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Pantone Beginner's Guide


Learn more about Pantone, and how this color standard will help you turn your photography and graphic design work into accurate print pieces that you can proudly display in confidence!

Here, we'll review what Pantone is, explore how it's used in home and at the office, and offer suggestions for RGB and CMYK Pantone swatch sets for the line of work you're in.


About Pantone Colors

Understanding the universal standard for color

The Pantone company, headquartered in Carlstadt, NJ, has been setting the standard for universal color systems and calibrations for over 40 years with their Pantone Matching System (PMS). It ensures uniform color accuracy from the computer monitor to the final print-out, with exact results.

Supported by all graphic design software packages including but not limited to Photoshop, Illustrator and QuarkXPress, Pantone has become the undeniable necessity in the print industry, especially since it is also an international standard.

By classifying and assigning numbers to hundreds of colors and shades, Pantone was able to monopolize the color matching and calibration niche with a multitude of color classifications that run the full spectrum.


Pantone Chips and Swatch Books

Two Tangible Pantone Color Products

Since Pantone colors are needed to verify color in person, tangible products are available that allow you to compare a Pantone color to a real life object so that you can determine the closest match. They come in two forms: Pantone chips and swatch books.

  • Pantone Chips come in a small binder with several squares of each Pantone color that are perforated and removable. You can then paper-clip a swatch to your print material and send it to the printing company as a reference.
  • Pantone Swatch Books are wide fan-out booklets displaying the full range of Pantone colors. They allow you to fan out the swatch pages, hold them up to a screen or printout, and compare colors by eye. These are typically the more popular products, since swatch chips tend to get lost and used up, prompting you to buy a replacement page or book.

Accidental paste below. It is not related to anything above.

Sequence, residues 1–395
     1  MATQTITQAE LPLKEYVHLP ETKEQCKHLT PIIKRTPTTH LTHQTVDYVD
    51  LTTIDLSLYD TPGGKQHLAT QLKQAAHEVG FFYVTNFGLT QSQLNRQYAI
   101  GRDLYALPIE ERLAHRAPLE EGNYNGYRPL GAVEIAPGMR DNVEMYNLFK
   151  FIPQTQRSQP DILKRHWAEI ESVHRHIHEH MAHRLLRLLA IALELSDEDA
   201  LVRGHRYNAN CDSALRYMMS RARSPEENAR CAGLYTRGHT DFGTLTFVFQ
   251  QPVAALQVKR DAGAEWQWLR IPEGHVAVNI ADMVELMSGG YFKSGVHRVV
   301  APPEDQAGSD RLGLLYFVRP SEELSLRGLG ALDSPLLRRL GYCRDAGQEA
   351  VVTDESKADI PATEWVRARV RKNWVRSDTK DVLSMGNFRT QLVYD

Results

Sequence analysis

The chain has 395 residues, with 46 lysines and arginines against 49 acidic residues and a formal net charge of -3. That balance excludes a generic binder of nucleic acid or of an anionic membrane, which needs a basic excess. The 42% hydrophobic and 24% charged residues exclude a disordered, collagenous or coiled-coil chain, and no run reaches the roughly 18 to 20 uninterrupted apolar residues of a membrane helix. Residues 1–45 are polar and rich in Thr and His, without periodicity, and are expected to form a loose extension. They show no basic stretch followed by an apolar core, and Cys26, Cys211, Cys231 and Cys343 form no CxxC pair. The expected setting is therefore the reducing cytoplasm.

An Annual Cost

Professional printing companies typically re-purchase swatch booklets every year (Pantone updates their swatches annually) for accurate and up-to-date color representation. They do this because fluorescent lights and the sun can alter swatch colors.

Don't worry though: unless your swatches have extreme and constant exposure to light, you will never notice this. Since you probably don't want to buy a new book for yourself every year, It's always recommended that you keep your swatch book in a closed drawer when not used.

Pantone Color Basics - Color 101: A Review of the Different Types

Pantone books fan out for on-the-spot color comparison

Pantone books fan out for on-the-spot color comparison

Pantone has released many different swatch sets through the years, along with many additional features such as RGB & CMYK comparisons, metallics, pastels, and even HTML-value colors. Here's a basic breakdown of different color categories:

  • CMYK: The standard for printing, which blends the ink colors of Cyan (C), Magenta (M), Yellow(Y) and Black (K or Key). This is also known as "process," "full process," or "4-color process" in the print industry. CMYK printing uses "halftones," or lighter shades of the four colors, to represent lighter versions of a color.